The 23-story New Brunswick Performing Arts Center (NBPAC) complex opened on September 4 with an event drawing 450 guests to celebrate the long-awaited $172 million project, which includes two theaters, office space, and 207 apartments for artists and performers.
The building at 11 Livingston Avenue, adjacent to the 98-year-old State Theater and massive Heldrich Hotel, is expected to “transform New Brunswick’s downtown cultural arts district, setting a new standard for performing arts excellence throughout the Northeast,” said a spokeswoman.
NBPAC features two proscenium-style theaters, five rehearsal studios, and 30,000 square feet of office space.
The Elizabeth Ross Johnson Theater, which seats 463, has an 86-foot stage, a 75-foot fly tower and a trap system, and an orchestra pit that accommodates 60 to 70 musicians.
The Arthur Laurents Theater, designed primarily for theatrical performances and smaller dance performances, seats 252 and features a 60-foot stage and contemporary grid system for lighting and sound.
The NBPAC began its inaugural season the night after the event, Thursday, September 5, with Crossroads Theatre Company’s Paul Robeson. The CN Philharmonic and Rutgers Symphony Orchestra will be featured later in September, as well as performances of Sense and Sensibility. The complete lineup can be found here.
The theater’s member companies include the George Street Playhouse, Crossroads Theatre Company, American Repertory Ballet, and Mason Gross School of Arts at Rutgers University.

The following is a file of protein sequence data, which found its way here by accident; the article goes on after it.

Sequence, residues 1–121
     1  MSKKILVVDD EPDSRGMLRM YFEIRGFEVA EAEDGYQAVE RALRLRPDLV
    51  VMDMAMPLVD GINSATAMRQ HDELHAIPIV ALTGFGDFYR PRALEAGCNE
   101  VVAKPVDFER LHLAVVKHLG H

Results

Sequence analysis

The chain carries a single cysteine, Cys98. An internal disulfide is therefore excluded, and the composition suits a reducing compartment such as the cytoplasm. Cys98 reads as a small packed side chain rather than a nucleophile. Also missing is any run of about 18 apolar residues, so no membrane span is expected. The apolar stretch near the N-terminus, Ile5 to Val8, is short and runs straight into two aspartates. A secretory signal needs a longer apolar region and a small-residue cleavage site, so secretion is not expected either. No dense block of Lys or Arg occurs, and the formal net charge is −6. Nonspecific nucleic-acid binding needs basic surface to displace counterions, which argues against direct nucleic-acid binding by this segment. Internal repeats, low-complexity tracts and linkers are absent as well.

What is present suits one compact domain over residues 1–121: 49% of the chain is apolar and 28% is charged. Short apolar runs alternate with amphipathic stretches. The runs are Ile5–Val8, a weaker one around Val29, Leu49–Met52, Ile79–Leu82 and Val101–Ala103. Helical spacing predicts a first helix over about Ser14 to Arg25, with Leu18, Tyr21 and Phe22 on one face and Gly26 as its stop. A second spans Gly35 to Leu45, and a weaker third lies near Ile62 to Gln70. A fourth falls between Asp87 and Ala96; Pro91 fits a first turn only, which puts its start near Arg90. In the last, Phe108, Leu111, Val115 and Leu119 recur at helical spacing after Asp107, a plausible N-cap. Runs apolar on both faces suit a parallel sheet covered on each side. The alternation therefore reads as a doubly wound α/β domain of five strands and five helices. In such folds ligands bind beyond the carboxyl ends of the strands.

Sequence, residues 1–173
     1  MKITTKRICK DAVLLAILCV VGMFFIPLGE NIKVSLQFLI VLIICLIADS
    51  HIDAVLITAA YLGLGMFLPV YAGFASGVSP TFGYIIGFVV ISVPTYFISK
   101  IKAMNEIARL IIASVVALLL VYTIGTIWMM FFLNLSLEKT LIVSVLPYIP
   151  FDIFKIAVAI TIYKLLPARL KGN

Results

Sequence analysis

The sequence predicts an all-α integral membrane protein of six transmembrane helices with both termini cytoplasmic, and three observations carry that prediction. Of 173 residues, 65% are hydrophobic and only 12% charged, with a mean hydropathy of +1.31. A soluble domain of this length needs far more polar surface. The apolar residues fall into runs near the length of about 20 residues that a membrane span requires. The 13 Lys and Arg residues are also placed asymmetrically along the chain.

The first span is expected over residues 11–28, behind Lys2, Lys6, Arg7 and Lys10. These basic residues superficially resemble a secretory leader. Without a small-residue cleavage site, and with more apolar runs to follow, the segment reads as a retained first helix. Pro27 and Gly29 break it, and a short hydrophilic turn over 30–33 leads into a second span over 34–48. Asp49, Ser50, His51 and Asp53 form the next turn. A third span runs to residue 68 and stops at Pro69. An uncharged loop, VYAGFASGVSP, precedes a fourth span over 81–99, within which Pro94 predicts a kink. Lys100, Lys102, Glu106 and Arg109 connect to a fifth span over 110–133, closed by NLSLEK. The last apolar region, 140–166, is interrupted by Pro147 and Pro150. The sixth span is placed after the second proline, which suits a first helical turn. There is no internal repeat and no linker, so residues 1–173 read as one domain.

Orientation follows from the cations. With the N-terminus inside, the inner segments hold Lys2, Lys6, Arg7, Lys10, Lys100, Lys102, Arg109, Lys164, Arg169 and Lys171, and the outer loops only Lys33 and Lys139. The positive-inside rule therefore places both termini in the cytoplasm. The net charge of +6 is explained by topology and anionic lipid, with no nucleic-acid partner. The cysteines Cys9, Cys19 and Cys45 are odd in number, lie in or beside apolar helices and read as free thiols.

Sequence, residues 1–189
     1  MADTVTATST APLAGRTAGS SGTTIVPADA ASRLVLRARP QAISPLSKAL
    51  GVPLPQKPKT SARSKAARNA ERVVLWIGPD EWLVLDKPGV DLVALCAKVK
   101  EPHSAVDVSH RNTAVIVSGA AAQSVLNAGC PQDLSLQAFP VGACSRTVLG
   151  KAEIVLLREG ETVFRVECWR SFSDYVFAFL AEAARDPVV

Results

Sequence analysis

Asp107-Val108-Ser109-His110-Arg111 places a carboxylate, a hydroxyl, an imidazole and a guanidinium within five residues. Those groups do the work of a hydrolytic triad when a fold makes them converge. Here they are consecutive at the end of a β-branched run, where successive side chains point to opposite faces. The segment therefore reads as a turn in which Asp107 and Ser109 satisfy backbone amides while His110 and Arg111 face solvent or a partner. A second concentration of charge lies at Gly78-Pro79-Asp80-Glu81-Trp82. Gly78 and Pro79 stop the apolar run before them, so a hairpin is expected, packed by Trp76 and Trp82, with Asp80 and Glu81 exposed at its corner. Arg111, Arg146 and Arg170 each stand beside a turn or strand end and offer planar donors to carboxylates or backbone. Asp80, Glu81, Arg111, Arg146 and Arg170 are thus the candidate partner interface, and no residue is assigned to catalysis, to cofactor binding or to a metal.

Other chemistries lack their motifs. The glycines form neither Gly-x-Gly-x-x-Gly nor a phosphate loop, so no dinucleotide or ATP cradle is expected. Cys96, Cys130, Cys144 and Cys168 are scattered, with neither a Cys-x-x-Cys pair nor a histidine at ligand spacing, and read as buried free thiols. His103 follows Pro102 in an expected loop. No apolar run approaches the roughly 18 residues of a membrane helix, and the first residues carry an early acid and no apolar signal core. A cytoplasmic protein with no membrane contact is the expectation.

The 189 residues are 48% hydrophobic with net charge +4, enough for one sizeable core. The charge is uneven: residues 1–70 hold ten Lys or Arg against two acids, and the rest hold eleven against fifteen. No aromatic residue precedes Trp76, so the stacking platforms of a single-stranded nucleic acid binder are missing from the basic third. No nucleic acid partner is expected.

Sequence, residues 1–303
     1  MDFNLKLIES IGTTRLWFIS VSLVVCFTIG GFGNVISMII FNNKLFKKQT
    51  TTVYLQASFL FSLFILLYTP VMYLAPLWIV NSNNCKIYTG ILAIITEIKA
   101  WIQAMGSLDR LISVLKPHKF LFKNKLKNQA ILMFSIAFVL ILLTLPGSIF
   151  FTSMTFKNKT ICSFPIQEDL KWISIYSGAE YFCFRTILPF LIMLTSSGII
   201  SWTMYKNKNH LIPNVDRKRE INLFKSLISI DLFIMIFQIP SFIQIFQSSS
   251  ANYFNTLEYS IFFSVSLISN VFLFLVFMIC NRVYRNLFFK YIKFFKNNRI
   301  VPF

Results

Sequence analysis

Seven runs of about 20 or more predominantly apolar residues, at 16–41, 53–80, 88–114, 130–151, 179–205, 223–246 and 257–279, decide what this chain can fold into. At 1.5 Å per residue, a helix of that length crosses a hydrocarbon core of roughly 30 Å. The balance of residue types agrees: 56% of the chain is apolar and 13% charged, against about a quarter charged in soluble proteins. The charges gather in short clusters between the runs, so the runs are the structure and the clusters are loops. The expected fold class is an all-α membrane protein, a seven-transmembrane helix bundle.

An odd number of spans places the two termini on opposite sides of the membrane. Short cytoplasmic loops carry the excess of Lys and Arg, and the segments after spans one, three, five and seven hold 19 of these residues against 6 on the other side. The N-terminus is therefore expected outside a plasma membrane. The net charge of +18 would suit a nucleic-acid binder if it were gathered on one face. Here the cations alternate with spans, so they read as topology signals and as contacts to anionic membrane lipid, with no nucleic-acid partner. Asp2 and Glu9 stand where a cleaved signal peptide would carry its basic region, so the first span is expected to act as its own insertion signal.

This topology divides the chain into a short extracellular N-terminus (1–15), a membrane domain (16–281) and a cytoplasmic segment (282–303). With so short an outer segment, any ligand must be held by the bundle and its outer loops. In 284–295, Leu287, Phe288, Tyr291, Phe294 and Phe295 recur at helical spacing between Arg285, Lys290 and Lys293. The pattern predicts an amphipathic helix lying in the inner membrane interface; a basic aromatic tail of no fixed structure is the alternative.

For artists, actors, and dancers who need a place to live, the building offers both market-rate and affordable luxury apartment units. It also boasts a 344-space public parking garage for staff and theater patrons.
“The New Brunswick Performing Arts Center will bring even more patrons to the city to enjoy our cultural and entertainment offerings, dine at our top-rated restaurants, and enjoy our hospitality and nightlife,” said New Brunswick Mayor Jim Cahill.
“The opening of NBPAC is the culmination of a phenomenal partnership with the City of New Brunswick and the arts community,” said Rutgers University president Robert Barchi.
The complex is a public-private partnership among Devco, the City of New Brunswick, Rutgers University, Middlesex County, New Jersey Economic Development Authority, New Brunswick Cultural Center, Pennrose, LLC, New Brunswick Parking Authority, and 11 other groups.
“This new performing arts center is a long-awaited dream come true!” said David Saint, the artistic director of the George Street Playhouse.